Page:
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FIRST NIGHT PARACHUTISTS DROPPED, C-17 TEST FLEET SURPASSES 1,900 HOURS

 EDWARDS AIR FORCE BASE, Calif., Sept. 1 /PRNewswire/ -- The first night parachutist drop was conducted from a C-17 Globemaster III transport last month as the test fleet surpassed the 500 mission mark and 1,900 total flying hours.
 On Aug. 24, the first high-altitude, low-opening (HALO) paratroop drop conducted at night from the C-17 was successfully accomplished, when 18 parachutists leaped from an altitude of 25,000 feet. The tests also were designed to check aircraft lighting systems and confirm proper visibility within the C-17 for the jumps.
 Also during August, a C-17 set five additional world records in the payload-to-altitude and time-to-climb categories. Last December, the C-17 set 14 world records in two aircraft gross weight classes, including 12 "altitude-with-payload" marks.
 Last week's records, pending certification by the National Aeronautical Association, were in the category of aircraft with gross weight between 331,000 and 441,000 pounds. (Aircraft gross weight is the sum of the aircraft, fuel and payload weights.)
 On Aug. 24, at the same time it dropped the first night parachutists, P-4, the fourth production aircraft, established a record. Gross weight of the aircraft at takeoff was approximately 380,000 pounds, and the record was set by flying a 2,000 Kg. (4,400 pound) payload to an altitude of 35,000 feet.
 The aircraft established more records Aug. 26 during another night drop mission, when it carried an 11,000 pound payload to an altitude of 40,500 feet P-4 set additional records for its weight category by climbing to 3,000 meters (9,843 feet) in 3 minutes and 55 seconds, 6,000 meters (19,686 feet) in 7 minutes and 31 seconds, and 9,000 meters (29,529 feet) in 14 minutes and 32 seconds.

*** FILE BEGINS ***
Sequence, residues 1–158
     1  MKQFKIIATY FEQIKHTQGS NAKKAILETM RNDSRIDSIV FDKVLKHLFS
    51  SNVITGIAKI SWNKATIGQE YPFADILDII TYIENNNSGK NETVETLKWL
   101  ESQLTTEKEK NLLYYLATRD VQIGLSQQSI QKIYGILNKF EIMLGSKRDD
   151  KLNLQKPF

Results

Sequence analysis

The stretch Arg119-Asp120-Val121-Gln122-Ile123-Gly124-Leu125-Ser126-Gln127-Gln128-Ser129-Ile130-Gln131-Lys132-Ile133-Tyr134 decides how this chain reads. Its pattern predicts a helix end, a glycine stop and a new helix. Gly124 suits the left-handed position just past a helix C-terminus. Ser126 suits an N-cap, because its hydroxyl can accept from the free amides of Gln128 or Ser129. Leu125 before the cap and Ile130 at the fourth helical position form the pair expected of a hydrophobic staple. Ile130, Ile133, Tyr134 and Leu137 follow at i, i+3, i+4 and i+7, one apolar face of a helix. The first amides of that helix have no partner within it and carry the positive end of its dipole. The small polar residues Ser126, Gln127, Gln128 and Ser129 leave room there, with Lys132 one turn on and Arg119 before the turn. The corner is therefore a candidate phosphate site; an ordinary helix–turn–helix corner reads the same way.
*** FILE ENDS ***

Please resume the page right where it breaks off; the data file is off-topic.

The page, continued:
On Aug. 18, P-4 successfully dropped 34 jumpers representing all four branches of the U.S. military. On the first pass from 25,000 feet, 18 Air Force and Navy special jumpers were dropped. On the second pass, 16 Army and Marine jumpers in full combat equipment made HALO jumps.
 On Aug. 27, a total of 54 HALO parachutists jumped in two drops from P-4 at an altitude of 12,500 feet. One group of 27 parachutists exited the aircraft in 27 seconds from the time the green light went on. On Aug. 30, a group of 43 parachutists conducted HALO jumps from 18,000 feet during one pass.
 In other recent C-17 flight tests, minimum-speed liftoffs were accomplished and expansion of the flight envelope continued during phase two of high-angle-of-attack tests. These tests will determine stall speeds and stall warning limits for the aircraft when operated in certain flight attitudes.
 To date, the six aircraft in the C-17 flight test fleet have flown a total of 517 missions for a cumulative total of 1,901 flying hours.
 -0- 9/1/93
 /CONTACT: Jim Ramsey of McDonnell Douglas Aerospace, 310-522-2567/
 (MD)


CO: McDonnell Douglas Aerospace ST: California IN: ARO SU:

JL-MF -- LA029 -- 8148 09/01/93 17:27 EDT
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Publication:PR Newswire
Date:Sep 1, 1993
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